Fear of Facebook: 7 free apps that guard your privacy
If you're a Facebook user and want to make sure your personal data is secure, these apps can help.
March 18, 2013 06:00 AM ET
Computerworld - Are you worried about Facebook being a privacy invader? Join the club.
The information Facebook gathers about its users -- not to mention the information people make available about themselves -- can make their lives an open book, offering details about their families, their interests, their habits, their likes and dislikes and personal photos. People are also worried about the possibility that Facebook can track their travels on the Web or that their information can be shared with advertisers for ad-targeting purposes.
Making matters worse is Facebook's constantly changing privacy policies and settings. In December 2012, Facebook changed its policies and settings yet again, causing not a little backlash from users. As a result, even if you had previously customized the settings the way you liked them, you had to go back in and edit them again. And trying to understand Facebook's privacy settings and fine-tuning them can be a difficult task.
Luckily, there are a number of free apps out there that can help you check the state of your Facebook privacy and make changes to them. In some instances, the app will simply inform you about the status of your Facebook privacy so you can make changes on your own; others can guide you through making those changes.
No matter how you use them, though, if you're worried about your privacy on Facebook, you'll want to check them out.
A couple of cautionary notes: First, since many of the apps listed here are only available on Facebook, you will need to be signed in to the service to access them.
And keep in mind that whenever you give access to your Facebook data to a third party, you need to read the privacy information it provides and gauge whether you feel it is a reputable company.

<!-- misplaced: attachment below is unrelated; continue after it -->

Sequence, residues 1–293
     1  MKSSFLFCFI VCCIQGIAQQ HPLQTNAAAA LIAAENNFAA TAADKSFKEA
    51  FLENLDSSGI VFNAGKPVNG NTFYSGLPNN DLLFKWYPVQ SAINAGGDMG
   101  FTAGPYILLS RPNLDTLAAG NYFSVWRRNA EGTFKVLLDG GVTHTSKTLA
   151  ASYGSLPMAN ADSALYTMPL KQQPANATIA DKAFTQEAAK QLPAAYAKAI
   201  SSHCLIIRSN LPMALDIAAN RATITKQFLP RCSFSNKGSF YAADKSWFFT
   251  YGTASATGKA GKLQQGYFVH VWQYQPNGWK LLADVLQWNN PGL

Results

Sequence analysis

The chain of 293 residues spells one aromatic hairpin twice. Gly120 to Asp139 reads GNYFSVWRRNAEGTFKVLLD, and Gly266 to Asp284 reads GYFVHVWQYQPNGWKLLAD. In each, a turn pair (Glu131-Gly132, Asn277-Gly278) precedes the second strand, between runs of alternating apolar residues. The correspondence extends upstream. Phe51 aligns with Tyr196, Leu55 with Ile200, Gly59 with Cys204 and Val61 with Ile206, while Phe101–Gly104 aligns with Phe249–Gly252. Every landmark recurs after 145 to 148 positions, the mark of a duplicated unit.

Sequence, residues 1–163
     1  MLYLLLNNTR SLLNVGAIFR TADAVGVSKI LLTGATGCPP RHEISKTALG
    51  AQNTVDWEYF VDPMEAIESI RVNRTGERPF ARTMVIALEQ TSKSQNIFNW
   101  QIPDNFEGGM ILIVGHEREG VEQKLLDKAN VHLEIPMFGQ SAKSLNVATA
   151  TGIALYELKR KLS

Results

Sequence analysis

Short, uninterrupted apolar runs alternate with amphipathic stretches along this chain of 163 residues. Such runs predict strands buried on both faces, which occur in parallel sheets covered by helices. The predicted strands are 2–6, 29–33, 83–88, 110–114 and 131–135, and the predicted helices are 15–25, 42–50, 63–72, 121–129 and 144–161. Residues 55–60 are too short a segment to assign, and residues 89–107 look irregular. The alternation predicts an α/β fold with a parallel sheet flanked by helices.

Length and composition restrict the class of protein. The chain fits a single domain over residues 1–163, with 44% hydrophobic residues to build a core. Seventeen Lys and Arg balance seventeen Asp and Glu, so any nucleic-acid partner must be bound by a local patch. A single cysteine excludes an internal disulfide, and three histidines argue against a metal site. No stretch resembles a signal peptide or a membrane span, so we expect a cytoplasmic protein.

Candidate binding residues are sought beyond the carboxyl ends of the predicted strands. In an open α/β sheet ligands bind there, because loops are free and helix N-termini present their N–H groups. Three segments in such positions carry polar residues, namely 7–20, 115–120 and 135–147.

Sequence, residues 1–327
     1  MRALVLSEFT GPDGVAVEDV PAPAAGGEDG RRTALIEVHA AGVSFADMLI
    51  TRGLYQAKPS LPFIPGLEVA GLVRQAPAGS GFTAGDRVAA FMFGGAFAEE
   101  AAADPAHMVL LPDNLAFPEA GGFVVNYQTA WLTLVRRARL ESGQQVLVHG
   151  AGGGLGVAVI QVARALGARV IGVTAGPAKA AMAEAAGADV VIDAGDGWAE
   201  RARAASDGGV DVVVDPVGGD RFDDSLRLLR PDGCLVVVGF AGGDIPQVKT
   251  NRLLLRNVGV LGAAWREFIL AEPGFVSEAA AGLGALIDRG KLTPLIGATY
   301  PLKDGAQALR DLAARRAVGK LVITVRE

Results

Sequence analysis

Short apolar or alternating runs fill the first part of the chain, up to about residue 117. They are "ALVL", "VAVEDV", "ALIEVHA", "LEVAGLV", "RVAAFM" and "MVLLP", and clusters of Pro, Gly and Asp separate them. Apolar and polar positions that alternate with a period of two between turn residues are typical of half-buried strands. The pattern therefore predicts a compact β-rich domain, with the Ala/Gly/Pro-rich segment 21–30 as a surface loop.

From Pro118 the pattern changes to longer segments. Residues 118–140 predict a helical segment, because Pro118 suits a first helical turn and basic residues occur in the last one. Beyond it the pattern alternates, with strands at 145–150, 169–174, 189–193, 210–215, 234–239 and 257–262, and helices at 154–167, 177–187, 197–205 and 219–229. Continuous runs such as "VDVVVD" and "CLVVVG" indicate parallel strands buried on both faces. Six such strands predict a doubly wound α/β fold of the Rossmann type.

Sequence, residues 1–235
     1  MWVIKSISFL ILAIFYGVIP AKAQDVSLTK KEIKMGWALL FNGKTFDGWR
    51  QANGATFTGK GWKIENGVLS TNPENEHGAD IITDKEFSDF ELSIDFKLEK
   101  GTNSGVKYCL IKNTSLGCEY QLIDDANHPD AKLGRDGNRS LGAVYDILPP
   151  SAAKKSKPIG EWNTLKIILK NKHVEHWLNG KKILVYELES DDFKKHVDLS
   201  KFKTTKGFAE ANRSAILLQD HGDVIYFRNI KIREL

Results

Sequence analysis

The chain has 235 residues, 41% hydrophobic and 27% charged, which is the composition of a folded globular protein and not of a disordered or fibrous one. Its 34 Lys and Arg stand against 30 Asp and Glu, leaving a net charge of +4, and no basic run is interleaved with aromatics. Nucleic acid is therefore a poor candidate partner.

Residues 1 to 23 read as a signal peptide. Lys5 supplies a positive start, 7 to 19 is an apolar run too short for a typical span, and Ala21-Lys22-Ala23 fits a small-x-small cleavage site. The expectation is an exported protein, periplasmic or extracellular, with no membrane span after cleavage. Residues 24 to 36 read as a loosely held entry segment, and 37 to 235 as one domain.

Once you're logged into Facebook, it knows which other websites you're browsing. How? Via the Facebook Connect service.
Facebook Connect sends information about the sites you visit back to Facebook. That's why, at many websites, you'll see comments that friends of yours have made there, or see their activity -- you have Facebook Connect to thank for that.
If this tracking bothers you, there's a way to turn it off -- get the free Facebook Disconnect add-on for Chrome, Firefox or Safari. After you install it, Disconnect blocks Facebook Connect from tracking you, but you'll still be able to use Facebook. And when you visit Web pages, you won't see traces of your friends, or the ubiquitous Facebook Like button sprinkled seemingly all over the Web.
Once installed, Facebook Disconnect invisibly blocks Facebook Connect from tracking you.
Since Facebook isn't the only service that follows you as you browse, Disconnect also has apps for Google and Twitter; or you can download its one-app-fits-all general app.
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McAfee Social Protection places an additional layer of protection around your Facebook photos. Once installed -- it's both a Facebook app and a browser plugin -- it allows you to share photo galleries in a more closely guarded way than with normal Facebook permissions.
(Note: Because Social Protection is in beta; it can be used only by computers running Windows 7 Home Premium Edition or higher along with Firefox 8.0 or higher, Internet Explorer 8.0 or higher, or Chrome.)
Photo galleries protected by Social Protection can be viewed only by other users with Social Protection installed -- and, what's more, the photos can't be printed, copied using a right-click or captured with the Print Screen key.
The process of creating a protected album is a little inflexible. You have to upload any photos you wanted protected through the Social Protection app; you can't take an existing Facebook photo album and protect it. Protection for images is pretty thorough, though: Screen captures simply show a black rectangle where the browser window would be and the source code for the page appears to be heavily obscured, making it difficult to harvest the image that way.
Social Protection uses features of the Windows Aero subsystem to protect images from being copied. If you disable Aero or access the desktop via a remote-login system (such as LogMeIn ) that doesn't use Aero, the app displays a note to this effect and refuses to load the galleries at all.
McAfee has also introduced a standalone Android app that lets you browse protected galleries and upload photos -- from your phone's camera or its library -- into new or existing protected galleries.
While the basic idea does work, this is still definitely a beta: After browsing a protected gallery, I occasionally had a little window that didn't seem attached to any application pop up on the desktop. (It disappeared after I closed the browser.) So while Social Protection looks like it may be an interesting app, especially for photographers who upload to Facebook, you may want to wait until it's a bit more polished.